Interop: Virtual server sprawl highlights security concerns

IT needs to maintain tight control over project to avoid virtual server sprawl, delegates at Interop heard.


IT needs to maintain tight control over project to avoid virtual server sprawl, delegates at Interop heard.

Server virtualisation projects are driven by a desire for consolidation, yet the uncontrolled proliferation of virtual machines can result in the opposite, David Lynch, vice president of marketing for Embotics, said in a session called "Virtualization's Phantom Menace: Security."

The issues is that users can clone a virtual machine with the click of a mouse, or save versions of applications and operating systems for later use.

Physical servers and software resources are wasted by virtual sprawl, which also burdens IT with more manual processes and increased security risk, Lynch said.

"The risk of sprawl is a lot higher in the virtual world than it is in the physical world," he said. "When you think of how common sprawl is in the physical world, that means we're going to see it even more in the virtual world."

Virtual sprawl isn't defined by numbers; it's defined as the proliferation of virtual machines without adequate IT control, Lynch said.

One Embotics customer found more than 5,000 virtual machines and suspected many of them were no longer needed. IT figured out which ones were useless simply by shutting them down and waiting to see if anyone would "yell," Lynch said. Few users noticed when virtual machines were eliminated. It turned out 70 percent of them were obsolete, but were still consuming network resources and software licences.

Offline virtual machines present their own problem, in that automatic patching systems don't recognise them, leaving them without critical updates, Lynch said. He recommended that IT shops set policies limiting the amount of time a virtual machine is allowed to stay offline. If it's offline for a period of, say, 30 days, just eliminate it, he said.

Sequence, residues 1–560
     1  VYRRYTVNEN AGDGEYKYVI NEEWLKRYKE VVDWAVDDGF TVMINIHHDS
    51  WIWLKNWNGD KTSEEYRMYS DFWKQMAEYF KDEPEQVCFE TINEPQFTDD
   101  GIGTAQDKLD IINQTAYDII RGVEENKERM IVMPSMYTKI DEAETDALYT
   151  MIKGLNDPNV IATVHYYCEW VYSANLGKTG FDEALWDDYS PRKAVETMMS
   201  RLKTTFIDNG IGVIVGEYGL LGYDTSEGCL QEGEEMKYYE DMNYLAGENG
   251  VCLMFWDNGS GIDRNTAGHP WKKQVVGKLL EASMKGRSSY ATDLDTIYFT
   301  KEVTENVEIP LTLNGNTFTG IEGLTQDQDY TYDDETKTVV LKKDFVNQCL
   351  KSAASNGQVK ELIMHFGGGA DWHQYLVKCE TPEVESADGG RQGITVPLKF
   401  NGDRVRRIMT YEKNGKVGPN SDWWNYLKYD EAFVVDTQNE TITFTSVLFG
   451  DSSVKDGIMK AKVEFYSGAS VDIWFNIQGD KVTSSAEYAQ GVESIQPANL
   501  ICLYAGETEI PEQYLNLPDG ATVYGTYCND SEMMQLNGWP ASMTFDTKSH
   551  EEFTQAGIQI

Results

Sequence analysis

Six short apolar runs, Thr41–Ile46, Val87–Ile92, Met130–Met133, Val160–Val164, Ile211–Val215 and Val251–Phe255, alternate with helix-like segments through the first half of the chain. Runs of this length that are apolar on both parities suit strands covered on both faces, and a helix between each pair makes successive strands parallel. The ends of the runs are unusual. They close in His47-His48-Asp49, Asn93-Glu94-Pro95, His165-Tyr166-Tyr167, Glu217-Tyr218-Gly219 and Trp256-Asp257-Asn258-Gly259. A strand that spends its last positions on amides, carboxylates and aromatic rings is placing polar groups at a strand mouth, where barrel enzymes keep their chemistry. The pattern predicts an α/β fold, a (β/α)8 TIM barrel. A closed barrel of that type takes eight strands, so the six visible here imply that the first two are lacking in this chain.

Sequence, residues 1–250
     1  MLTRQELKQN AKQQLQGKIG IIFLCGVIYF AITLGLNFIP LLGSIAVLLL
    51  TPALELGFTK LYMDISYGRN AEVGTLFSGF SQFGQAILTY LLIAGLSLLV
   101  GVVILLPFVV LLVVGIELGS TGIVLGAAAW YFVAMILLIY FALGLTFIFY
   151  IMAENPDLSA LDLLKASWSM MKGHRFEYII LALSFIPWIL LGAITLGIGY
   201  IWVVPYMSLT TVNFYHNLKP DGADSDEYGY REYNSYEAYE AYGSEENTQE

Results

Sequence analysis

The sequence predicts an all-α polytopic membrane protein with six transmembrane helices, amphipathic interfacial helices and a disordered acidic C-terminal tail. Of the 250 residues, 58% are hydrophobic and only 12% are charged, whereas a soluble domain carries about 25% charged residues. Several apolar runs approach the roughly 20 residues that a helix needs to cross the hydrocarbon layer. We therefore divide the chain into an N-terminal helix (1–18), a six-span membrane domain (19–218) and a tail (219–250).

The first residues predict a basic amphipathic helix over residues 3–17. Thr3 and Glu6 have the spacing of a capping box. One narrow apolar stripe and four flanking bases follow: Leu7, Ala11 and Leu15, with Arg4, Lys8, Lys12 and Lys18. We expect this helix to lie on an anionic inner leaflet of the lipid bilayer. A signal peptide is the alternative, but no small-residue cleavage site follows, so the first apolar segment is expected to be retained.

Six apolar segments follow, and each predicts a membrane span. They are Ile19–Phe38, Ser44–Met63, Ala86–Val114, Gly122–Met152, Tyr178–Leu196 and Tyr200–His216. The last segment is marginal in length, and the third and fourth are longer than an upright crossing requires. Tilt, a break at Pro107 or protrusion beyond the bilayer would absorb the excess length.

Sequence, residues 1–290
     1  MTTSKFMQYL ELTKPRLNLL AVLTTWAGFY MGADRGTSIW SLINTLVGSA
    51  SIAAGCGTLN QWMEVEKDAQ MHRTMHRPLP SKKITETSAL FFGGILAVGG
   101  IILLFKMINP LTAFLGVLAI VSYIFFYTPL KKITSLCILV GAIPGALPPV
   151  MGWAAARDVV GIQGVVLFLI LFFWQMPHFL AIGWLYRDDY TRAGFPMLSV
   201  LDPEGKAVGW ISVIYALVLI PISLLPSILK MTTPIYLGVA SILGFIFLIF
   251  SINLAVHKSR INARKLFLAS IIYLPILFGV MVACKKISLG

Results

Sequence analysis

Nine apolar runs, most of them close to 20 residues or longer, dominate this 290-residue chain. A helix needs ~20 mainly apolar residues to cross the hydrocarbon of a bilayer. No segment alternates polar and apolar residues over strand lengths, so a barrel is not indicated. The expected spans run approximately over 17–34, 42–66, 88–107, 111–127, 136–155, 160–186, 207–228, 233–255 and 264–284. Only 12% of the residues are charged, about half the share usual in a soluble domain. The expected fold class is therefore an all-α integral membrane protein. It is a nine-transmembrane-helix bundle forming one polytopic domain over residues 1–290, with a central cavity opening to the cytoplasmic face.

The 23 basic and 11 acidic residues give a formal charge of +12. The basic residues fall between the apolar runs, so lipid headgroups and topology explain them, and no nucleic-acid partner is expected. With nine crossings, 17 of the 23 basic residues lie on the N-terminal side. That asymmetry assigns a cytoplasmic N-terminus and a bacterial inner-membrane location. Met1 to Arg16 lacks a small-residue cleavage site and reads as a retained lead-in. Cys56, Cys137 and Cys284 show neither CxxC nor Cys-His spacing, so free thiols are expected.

The central problem behind sprawl - that virtual machines are so easily generated that IT has trouble tracking how many there are, and when and where they are deployed - only serves to fuel the special security challenges that come with server virtualisation.

Most security products today weren't built for the fluid environments of virtualisation, Lynch said. Security problems you've already solved in the physical world have a way of cropping up again in the virtual one. The hypervisor is essentially another operating system being introduced into the datacentre, yet it was introduced without rigid inspection. "Hypervisors came in the back door as an operations tool under the guise of server consolidation," Lynch said. "It never went through the kind of inspection that other technologies have coming into the datacentre."

Given the hypervisor's access to multiple virtual machines, it's an obvious target for attackers. "If compromised, you can get access to a range of servers," Lynch notes.

The relatively small amount of code in a hypervisor makes it somewhat resistant to malware. But a recently found flaw in VMware's desktop virtualisation software raises concerns about the safety of its server virtualisation technology, Lynch argued, saying he expects major hypervisor-based attacks this year. Gartner analyst Neil McDonald has said more than 60 percent of virtual machines in production are less secure than their physical counterparts, Lynch noted.

IDC predicts that half of physical servers will be virtualised by 2011, Lynch said. So-called virtual appliances can be downloaded from VMware's website, and could ultimately become the most prevalent way to deploy software, Lynch said. But these appliances also raise new concerns. It's tough to know whether the virtual appliance downloaded over the Web actually comes from a trusted party, or whether updates come from a trusted source, Lynch said.

Virtualisation in general requires a new approach to security, but progress on this front is slow and full of roadblocks for enterprises who might be fooled by industry claims, Lynch contended.

IT has to watch out for security vendors that simply take an application, drop it into a virtual machine and claim it's now "virtualisation-aware," Lynch said.

Security could be built directly into the hypervisor, but hypervisor designers aren't necessarily security experts, Lynch said.

Some movement is afoot for security tools that are basically hypervisor plug-ins, he noted. IBM introduced an intrusion-prevention project related to virtualisation, and VMware in February released a set of APIs designed to give security vendors more visibility into the hypervisor.

This essentially gives more insight into the "black hole the hypervisor guys have created," Lynch said. But unless VMware is really selective about its APIs, new risks could be introduced, he said.

"There's no such thing as private APIs," Lynch said. "They're out and about pretty much as soon as they're announced."

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